What actor doesn’t dream of at least one headshot that will open all the right doors for them in the industry? Who doesn’t want that? Therefore, I often meet actors who time after time spend good money on a new portfolio, and aren’t necessarily pleased with the results. They’re willing to keep getting photographed in order for their agent to have a good headshot to represent them with.
So what is the secret to a winning headshot? How can you know that you have done all that you can in order to get the most out of yourself, the photographer and all the other people on set (hair and makeup artists, wardrobe assistants etc.)?
First of all, you need to research photographers to find the one for you. Look at their previous work. Make sure they are professional headshot photographers, not just ones that do it as a hobby. Don’t choose event photographers that tell you they have a problem shooting headshots, as more often than not you will be disappointed by the end results and end up re-doing them somewhere else. Look at their use of light in their photos. Shots that are too artistic won’t do what you need them to do. You need to choose a photographer who’s portraits are well lit, not by too contrasting a light with shadows in the background. Make sure their editing doesn’t look over done, check their website and social media pages and anywhere else you can see their work and check if that is what you would want for yourself. After you have found one or two photographers that you like, call them and feel their energy, see if there is any chemistry between you, if you want to spend a few hours with them at a shoot. If you do, that is the photographer for you. Don’t compromise because of the price.
Secondly, you are the star, and you need to look like one, especially on the day of your photoshoot. So what do you do? If you haven’t added a personal stylist and you need to bring with you your own clothes, make sure, in advance, that you have a quite a few options. Skip your favorite old clothes and go for newer clothes for a look like you have just come out of production. From experience they always photograph better. (In fact, if you can afford to, go out for a fun shopping day and splurge on something special for your shoot.). Together with the photographer you will soon be able to see if any of the clothes are also suitable for future auditions. If you have gotten yourself a stylist, someone else that will do good work for you, then you are very lucky and all you have to do is arrive refreshed to the shoot. Important tip – get a good night’s sleep the night before your shoot, try not to go out until late, even if your shoot is in the afternoon. Don’t change your routine the day before or the morning itself. From experience, last minute changes aren’t beneficial for most people.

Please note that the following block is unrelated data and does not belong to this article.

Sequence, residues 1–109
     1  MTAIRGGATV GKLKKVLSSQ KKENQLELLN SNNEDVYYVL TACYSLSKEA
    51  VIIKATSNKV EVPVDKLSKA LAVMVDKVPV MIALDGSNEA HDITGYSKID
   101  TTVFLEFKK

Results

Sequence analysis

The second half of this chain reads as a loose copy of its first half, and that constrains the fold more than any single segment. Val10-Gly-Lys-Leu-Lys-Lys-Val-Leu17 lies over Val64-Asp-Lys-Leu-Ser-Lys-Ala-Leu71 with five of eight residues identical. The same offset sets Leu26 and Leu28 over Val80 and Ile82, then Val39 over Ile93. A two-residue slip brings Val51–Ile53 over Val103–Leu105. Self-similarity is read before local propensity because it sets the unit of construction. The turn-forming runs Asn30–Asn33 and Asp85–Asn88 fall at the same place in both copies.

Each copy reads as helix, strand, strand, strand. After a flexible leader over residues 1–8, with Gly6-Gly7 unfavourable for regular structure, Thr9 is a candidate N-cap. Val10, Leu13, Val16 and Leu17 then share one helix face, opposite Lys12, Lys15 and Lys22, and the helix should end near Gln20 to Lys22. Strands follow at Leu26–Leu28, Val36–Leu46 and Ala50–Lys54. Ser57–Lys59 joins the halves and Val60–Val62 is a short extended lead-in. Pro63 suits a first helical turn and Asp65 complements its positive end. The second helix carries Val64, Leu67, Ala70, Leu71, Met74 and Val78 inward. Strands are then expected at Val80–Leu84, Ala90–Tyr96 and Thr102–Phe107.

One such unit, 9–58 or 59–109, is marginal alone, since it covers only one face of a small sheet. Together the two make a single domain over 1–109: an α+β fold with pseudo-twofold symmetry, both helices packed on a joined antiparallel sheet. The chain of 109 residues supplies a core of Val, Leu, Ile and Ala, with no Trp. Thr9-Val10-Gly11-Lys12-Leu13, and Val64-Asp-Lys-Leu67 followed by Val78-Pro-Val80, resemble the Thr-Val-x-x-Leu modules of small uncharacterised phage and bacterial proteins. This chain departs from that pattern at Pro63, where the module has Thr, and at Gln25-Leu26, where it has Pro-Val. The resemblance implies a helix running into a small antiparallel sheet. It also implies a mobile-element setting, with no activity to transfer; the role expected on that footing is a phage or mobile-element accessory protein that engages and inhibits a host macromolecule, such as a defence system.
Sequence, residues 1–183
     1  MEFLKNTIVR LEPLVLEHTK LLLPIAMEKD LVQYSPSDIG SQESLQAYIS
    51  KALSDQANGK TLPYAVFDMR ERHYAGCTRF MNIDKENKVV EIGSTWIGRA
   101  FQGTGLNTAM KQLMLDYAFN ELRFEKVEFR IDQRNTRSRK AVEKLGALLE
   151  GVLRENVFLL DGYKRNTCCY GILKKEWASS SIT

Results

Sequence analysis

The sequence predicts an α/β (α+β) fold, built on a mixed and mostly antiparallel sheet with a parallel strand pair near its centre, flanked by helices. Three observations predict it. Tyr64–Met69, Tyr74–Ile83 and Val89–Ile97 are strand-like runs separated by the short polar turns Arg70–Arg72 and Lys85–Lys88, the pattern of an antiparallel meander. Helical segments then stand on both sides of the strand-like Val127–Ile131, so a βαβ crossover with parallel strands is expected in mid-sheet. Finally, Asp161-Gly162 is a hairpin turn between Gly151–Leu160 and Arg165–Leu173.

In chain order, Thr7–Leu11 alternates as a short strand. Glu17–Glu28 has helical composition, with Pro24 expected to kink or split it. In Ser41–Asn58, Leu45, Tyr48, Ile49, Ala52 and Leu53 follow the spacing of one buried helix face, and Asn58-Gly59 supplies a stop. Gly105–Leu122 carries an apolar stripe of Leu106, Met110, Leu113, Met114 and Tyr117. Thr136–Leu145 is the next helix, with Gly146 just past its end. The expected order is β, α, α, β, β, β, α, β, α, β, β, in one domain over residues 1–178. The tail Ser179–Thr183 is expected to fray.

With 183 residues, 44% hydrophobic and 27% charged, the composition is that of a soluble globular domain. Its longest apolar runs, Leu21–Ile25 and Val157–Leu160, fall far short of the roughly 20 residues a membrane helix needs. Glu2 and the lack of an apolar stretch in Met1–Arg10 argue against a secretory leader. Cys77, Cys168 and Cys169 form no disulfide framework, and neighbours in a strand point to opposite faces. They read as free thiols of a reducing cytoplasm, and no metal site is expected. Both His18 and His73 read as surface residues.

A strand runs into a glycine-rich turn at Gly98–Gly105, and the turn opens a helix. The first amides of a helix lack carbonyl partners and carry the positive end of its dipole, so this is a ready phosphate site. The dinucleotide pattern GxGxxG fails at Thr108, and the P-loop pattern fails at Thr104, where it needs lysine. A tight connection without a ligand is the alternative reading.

Thirdly, when you’ve arrived to the studio, please please don’t start instructing the hair and makeup artists as to what suits you and how you look when you go to parties. The aim is to look as natural as possible, whilst still looking your best. The more “made-up” you look, the more you’ll cut the range of roles you’ll get to a specific typecast. Casting directors like seeing “raw material”, seeing how you can be turned into anything. Don’t make their work harder, for after all, you want them to invite you to many auditions. More than that, you want to look as similar as you can to how you will look like when you turn up to those auditions, for if your picture portrays you as a Hollywood star, the CD will be very disappointed the moment you enter the room. If you feel like a star, show that on set!
Finally, you need to have fun, to be in the moment, to be real and to convey good energy to the rest of the people on set and for you. That is the recipe for a successful photoshoot that will yield great headshots and that will open the biggest, fanciest and heaviest doors that you’ve ever dreamed of in the industry. Also, don’t forget to smile! Have a great shoot! Keren Ben Ami
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June 2, 2015
How To Choose A Photographer For An Acting Portfolio